Dinah, ClinkShrink, & Roy produce Shrink Rap: a blog by Psychiatrists for Psychiatrists. A place to talk; no one has to listen. All patient vignettes are confabulated; the psychiatrists, however, are mostly real. --Topics include psychotherapy, humor, depression, bipolar, anxiety, schizophrenia, medications, ethics, psychopharmacology, forensic and correctional psychiatry, psychology, mental health, chocolate, and emotional support ducks. Don't ask. (It's not Shrink Wrap.)
In honor of 100 years of psychiatry at Johns Hopkins, Baltimore cinematographer Richard Chisolm, along with Kindall Rende, created this movie of members of the department talking about psychiatry at Hopkins. Many of the people shown in the film have been guest bloggers on Shrink Rap, and they include our mentors, colleagues, and friends. Both ClinkShrink and I are proud to be members of the department and we are both grateful for the education we've received, so we hope you'll spend a few minutes watching Richard's tribute.
I loved Andrew Solomon's book Far From the Tree. His TED talk gives a better flavor for his book than any review I could write, so let me share that with you here.
Over on our Psychology Today website, I talked about the CDC's announcement that suicide rates are on the rise, a trend that's been going on for over a decade. For today's blog post, please see:
Stolen from the Hopkins Mental Disorders YouTube site, Dr. Peter Rabins, co-author of The 36 hour Day, talks about how to figure out if you have dementia. Note to ClinkShrink who always teases me: losing your keys (and presumably your cell phone) is not a symptom of depression. Clinically, what I hear most is that people have trouble retrieving words, and this is usually associated with normal aging or with medications, not as a typical early symptom of Alzheimer's Disease.
In the upcoming Mother Jones article "Schizophrenic. Killer. My Cousin," Mac McClelland talks about his third cousin who suffers from schizophrenia and ultimately kills his own father.
McClelland talks about the difficulty in getting an ill person help, changes in how resources have been allocated which make this difficult, and fears about calling the police to bring a mentally ill patient to the hospital. McClelland writes:
"You can call the police," the deputy director of Sonoma County's National Alliance on Mental Illness (NAMI), David France, said when I asked him what options are available to a parent whose adult child appears to be having a mental breakdown. "The police can activate resources," like an emergency psych bed in a regular hospital, or transport and admission to a psychiatric hospital in a county that, unlike Sonoma, has one. But only if the police decide your child is a danger to himself or others can they arrest him with the right to hold him for three days—what in California is called a 5150, after the relevant section of state law. Otherwise you can be turned away for lack of space even if your loved one is willing to be admitted, or be left no good options if they're not. Ninety-two percent of the patients in California's state psych hospitals got there via the criminal-justice system.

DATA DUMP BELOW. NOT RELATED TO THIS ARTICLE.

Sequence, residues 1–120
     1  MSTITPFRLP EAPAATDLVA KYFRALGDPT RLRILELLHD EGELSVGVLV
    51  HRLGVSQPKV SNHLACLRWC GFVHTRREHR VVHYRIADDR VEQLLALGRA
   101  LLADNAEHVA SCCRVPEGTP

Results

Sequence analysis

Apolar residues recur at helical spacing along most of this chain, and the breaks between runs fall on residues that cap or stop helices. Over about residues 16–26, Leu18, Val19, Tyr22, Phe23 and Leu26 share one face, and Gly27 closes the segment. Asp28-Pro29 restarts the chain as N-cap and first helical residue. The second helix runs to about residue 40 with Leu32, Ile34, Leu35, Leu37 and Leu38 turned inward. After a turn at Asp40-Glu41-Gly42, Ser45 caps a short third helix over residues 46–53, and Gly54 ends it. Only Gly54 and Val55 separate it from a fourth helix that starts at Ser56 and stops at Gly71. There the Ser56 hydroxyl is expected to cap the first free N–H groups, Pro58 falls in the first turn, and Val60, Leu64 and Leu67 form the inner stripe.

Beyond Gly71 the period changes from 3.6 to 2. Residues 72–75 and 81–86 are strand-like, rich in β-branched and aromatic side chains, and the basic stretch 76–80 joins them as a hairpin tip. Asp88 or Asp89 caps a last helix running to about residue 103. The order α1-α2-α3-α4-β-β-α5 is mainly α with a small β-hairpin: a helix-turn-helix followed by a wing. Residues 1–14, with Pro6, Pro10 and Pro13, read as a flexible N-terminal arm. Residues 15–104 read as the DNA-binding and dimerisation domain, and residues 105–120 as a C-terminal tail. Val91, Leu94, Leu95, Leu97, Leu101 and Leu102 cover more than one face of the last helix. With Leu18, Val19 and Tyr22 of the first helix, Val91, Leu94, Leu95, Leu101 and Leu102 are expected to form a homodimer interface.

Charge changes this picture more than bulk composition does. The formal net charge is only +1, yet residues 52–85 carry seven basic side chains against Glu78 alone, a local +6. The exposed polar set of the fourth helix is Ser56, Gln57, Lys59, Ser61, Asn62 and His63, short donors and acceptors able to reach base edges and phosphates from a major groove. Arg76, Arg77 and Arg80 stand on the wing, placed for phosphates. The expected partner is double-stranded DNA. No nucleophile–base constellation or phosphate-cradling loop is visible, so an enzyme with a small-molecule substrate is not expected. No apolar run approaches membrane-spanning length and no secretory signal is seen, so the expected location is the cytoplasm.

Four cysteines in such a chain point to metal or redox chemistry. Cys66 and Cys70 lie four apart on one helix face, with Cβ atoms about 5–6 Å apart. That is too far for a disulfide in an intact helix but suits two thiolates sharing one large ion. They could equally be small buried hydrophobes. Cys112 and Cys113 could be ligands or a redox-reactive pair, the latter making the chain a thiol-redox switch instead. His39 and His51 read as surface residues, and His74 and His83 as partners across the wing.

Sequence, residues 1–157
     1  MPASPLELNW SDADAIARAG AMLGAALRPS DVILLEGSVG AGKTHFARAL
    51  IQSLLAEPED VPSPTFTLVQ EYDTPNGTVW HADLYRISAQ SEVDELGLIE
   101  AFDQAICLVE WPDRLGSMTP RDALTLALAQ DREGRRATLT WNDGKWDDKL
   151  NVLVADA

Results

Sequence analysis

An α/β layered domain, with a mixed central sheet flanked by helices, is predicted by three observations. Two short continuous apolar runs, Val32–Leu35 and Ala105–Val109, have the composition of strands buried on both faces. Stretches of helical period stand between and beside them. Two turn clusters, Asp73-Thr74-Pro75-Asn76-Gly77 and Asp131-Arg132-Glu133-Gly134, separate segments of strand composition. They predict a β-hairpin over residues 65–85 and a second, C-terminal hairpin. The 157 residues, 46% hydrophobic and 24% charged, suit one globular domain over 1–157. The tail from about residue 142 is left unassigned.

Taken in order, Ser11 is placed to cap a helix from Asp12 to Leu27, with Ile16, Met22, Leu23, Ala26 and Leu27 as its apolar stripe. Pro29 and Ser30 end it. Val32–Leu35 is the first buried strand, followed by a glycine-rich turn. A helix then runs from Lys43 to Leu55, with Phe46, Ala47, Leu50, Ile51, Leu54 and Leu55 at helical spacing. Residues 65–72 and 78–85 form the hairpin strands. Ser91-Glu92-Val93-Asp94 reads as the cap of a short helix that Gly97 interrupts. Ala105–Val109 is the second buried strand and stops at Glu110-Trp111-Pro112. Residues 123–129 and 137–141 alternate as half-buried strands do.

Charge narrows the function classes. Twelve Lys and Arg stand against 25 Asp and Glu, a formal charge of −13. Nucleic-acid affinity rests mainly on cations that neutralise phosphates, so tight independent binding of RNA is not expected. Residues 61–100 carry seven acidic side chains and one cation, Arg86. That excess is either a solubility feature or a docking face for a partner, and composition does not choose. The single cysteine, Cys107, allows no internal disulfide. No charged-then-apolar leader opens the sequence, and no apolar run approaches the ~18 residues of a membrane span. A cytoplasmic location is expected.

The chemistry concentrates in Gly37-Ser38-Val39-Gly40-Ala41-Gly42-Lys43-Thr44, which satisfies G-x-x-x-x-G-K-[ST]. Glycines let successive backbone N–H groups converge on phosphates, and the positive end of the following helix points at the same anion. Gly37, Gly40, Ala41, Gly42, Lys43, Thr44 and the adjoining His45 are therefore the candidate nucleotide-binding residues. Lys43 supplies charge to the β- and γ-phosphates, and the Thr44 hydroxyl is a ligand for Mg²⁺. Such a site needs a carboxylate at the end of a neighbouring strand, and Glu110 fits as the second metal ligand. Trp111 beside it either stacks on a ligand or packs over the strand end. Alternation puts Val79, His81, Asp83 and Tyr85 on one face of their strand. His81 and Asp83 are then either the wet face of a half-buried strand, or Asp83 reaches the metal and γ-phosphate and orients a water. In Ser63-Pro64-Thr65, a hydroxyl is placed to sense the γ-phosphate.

But Mark didn't want to call the police. For one, he didn't think Houston was dangerous, just upset, despairing.
Ah, California. No. 1 in the amount of mental-health funding cut from 2009 to 2011, No. 7 in cuts as a percentage. Home to one of the largest jail/psych facilities in the nation, the LA County Jail. Where visitors can't believe how many bat-shit-crazy homeless we've got. Where deinstitutionalization was pioneered under Gov. Ronald Reagan with the 1967 Lanterman-Petris-Short Act, which made it vastly more difficult to commit people, and where the rate of mentally ill in the criminal-justice system doubled just one year after it took effect. Where, often, the severely mentally ill live in jail for three to six months because they're waiting for a bed to open up in a psychiatric facility. California: where, says Torrey, the psychiatrist who warns about "predictable" violence like my cousin's, "they led the way in [deinstitutionalization], and they've led the way downhill. They're certainly leading the way in consequences